Making labor management work for your farm

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By maintaining a qualified, committed workforce, farms can keep their operations running smoothly and act on opportunities to grow. Review the resources on this page to learn how to manage labor on your farm. Download MU Extension publication M199, Missouri Farm Labor Guide, for more information.

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After a farm identifies a work need, employee recruitment begins. To successfully recruit the right candidate, a farm should write a well-defined job description and develop creative strategies for promoting the open position. Watch to learn the six parts of a job description and gather ideas for how to publicize farm job openings.


After recruiting candidates for an open position, initiate the hiring process by collecting information about applicants and extending an offer to your top pick. These hiring resources will guide you through interviewing prospective employees and choosing the best person for the job.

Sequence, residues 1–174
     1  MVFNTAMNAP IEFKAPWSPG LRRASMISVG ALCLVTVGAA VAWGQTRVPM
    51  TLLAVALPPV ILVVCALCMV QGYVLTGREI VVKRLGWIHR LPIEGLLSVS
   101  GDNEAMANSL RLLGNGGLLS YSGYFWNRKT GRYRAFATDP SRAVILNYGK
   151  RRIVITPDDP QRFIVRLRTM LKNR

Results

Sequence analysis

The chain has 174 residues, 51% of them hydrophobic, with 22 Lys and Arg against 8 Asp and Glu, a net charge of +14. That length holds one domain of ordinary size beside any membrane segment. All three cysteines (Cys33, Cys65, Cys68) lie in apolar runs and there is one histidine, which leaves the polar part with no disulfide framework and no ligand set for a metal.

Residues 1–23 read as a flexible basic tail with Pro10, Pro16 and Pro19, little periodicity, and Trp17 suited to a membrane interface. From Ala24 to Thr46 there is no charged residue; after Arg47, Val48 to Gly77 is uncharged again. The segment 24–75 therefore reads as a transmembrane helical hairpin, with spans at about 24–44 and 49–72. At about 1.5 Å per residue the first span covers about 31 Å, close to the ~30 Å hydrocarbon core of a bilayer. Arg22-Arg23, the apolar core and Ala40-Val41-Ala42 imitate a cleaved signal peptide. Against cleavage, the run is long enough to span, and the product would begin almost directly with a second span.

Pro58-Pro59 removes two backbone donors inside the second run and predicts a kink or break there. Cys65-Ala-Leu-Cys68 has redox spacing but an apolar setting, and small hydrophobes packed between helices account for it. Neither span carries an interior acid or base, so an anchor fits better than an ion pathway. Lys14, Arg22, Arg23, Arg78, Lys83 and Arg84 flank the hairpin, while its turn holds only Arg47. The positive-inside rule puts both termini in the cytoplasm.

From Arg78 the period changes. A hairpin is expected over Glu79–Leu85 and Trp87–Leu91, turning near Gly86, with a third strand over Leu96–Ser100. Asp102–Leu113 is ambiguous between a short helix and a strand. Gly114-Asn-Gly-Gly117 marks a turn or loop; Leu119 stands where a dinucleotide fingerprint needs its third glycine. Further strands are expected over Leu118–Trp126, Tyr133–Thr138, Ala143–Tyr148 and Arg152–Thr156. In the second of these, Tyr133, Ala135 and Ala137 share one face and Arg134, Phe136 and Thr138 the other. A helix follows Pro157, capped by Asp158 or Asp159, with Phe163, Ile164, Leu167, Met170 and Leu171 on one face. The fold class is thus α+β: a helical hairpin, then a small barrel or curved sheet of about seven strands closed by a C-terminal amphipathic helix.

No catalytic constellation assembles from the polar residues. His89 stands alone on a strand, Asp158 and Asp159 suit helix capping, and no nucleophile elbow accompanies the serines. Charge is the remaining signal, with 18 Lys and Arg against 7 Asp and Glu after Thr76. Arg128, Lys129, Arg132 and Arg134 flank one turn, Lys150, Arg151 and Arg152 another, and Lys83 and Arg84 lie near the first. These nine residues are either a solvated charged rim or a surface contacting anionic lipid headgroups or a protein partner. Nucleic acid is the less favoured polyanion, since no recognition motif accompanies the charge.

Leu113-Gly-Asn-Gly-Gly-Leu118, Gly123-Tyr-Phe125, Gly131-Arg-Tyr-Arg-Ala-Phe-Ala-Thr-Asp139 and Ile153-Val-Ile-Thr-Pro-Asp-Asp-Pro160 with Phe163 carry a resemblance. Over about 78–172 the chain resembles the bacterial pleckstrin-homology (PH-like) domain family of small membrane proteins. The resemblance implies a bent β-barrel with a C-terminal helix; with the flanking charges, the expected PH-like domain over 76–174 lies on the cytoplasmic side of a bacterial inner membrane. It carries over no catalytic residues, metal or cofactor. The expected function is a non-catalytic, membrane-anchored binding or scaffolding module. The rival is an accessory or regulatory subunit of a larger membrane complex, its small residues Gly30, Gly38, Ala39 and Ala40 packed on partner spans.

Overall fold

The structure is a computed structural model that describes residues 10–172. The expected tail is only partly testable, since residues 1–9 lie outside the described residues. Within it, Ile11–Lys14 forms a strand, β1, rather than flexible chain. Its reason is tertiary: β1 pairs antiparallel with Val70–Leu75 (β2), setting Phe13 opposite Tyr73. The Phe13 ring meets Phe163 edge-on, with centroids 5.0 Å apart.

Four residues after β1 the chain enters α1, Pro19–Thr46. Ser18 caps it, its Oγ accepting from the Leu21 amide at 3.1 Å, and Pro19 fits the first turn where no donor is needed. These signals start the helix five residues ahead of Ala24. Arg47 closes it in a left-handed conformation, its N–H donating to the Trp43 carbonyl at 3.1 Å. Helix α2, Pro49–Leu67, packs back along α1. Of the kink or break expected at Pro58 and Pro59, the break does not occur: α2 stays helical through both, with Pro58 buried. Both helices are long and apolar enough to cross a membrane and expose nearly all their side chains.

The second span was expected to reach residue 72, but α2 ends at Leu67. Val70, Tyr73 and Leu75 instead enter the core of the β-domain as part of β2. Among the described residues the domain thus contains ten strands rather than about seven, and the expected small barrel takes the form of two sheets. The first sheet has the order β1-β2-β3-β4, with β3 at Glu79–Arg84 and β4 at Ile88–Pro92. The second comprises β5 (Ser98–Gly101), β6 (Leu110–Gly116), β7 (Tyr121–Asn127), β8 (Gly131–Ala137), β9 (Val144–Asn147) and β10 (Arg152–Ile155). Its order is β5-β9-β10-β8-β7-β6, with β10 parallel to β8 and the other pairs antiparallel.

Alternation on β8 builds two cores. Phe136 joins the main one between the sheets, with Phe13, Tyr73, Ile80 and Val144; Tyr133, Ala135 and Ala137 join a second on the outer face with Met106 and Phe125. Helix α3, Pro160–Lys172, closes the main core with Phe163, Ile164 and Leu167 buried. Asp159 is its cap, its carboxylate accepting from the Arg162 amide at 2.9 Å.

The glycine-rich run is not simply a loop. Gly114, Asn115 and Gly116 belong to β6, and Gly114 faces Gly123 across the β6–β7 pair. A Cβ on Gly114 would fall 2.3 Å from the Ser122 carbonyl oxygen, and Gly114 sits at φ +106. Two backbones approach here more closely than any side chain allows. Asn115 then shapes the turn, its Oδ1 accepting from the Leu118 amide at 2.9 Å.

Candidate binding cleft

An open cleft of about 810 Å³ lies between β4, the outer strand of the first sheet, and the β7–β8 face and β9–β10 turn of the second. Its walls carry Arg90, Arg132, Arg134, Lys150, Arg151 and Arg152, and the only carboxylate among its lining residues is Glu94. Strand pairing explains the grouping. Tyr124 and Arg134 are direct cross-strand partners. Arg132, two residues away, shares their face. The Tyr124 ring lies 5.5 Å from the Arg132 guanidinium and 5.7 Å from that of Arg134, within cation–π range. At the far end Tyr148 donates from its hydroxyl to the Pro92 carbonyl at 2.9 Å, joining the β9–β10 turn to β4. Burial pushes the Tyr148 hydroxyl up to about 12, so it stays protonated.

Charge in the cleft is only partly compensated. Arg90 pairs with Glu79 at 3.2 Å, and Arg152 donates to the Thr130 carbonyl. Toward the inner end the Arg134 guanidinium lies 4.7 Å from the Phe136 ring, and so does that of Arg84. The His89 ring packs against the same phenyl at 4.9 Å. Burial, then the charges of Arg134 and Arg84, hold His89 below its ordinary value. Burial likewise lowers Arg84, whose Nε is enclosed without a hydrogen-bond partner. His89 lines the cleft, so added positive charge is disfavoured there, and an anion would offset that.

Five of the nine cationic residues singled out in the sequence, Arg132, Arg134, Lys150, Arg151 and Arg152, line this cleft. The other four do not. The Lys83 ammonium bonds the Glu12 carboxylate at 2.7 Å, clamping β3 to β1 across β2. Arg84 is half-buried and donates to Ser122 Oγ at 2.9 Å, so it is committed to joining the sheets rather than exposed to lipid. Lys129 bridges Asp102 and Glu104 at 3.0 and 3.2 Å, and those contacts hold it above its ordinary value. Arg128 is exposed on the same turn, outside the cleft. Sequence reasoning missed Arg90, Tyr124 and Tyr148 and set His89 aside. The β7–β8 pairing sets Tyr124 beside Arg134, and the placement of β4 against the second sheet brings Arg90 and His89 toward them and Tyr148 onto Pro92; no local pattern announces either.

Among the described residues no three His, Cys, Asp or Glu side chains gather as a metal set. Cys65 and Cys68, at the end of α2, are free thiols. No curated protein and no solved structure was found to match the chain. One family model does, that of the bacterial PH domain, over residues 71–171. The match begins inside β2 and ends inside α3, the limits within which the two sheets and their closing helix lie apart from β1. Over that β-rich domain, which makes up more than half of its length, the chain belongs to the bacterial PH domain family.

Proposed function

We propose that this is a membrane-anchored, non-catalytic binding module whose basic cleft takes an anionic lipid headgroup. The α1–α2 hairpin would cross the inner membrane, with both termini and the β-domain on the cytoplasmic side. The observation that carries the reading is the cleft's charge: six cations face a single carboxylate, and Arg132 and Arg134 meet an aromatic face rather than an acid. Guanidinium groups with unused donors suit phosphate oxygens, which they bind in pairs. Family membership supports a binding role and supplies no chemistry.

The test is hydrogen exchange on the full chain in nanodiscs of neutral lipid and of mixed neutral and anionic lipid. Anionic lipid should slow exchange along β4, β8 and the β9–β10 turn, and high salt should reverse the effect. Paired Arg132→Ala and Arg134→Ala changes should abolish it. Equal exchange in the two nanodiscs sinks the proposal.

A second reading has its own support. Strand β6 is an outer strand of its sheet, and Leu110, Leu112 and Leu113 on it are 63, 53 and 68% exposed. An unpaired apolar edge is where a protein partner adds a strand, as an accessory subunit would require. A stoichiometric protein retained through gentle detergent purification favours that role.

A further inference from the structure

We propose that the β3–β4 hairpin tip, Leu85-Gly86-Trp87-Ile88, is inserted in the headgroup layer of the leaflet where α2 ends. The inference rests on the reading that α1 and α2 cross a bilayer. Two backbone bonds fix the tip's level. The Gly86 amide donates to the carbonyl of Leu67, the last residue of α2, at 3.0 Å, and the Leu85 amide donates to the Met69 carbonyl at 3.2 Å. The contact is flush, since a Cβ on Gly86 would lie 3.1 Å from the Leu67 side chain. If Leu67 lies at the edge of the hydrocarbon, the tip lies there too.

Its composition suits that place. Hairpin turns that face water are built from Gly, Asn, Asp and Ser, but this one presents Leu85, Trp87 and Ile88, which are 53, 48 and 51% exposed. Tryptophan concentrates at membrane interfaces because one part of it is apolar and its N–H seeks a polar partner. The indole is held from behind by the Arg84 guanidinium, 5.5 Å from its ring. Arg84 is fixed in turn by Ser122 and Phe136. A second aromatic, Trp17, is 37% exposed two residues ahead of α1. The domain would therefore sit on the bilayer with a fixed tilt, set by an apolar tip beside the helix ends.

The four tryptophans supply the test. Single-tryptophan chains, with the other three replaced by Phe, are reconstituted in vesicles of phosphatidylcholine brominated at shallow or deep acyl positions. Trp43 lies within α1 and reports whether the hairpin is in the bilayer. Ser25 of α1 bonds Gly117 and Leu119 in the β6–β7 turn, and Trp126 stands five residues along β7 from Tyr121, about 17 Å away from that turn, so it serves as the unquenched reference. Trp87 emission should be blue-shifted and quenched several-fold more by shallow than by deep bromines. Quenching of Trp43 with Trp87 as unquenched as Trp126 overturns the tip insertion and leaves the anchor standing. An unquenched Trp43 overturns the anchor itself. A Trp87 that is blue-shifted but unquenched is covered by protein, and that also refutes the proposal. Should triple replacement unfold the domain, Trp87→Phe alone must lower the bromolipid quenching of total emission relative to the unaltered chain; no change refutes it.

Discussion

Onboarding, training and mentoring

Through onboarding, training and mentoring, you acquaint workers with their jobs and the farm business. Investing in all three demonstrates a commitment to employee development. These materials explain how to onboard, train and mentor your team.


Farms have multiple day-to-day employer obligations — everything from compensating workers on time and communicating employee expectations to paying employment taxes and complying with labor laws. The following resources can help your farm manage key human resources responsibilities.



All farms can expect some employee turnover as workers relocate, retire, seek other jobs or stop participating in the labor force. However, by investing in retention strategies, you can encourage your farm team, particularly the top performers, to stay. Watch below to learn how conducting performance reviews can create a culture that helps employees feel valued.



At some point, you may decide to let a farm employee go. Use the resources below to ensure that you follow employee termination guidelines. Plus, learn why debriefing with employees who quit can help you become a better farm employee manager.

Funding for this project was provided by the North Central Extension Risk Management Education Center, the USDA National Institute of Food and Agriculture under Award Number 2021-70027-34694 and University of Missouri Extension.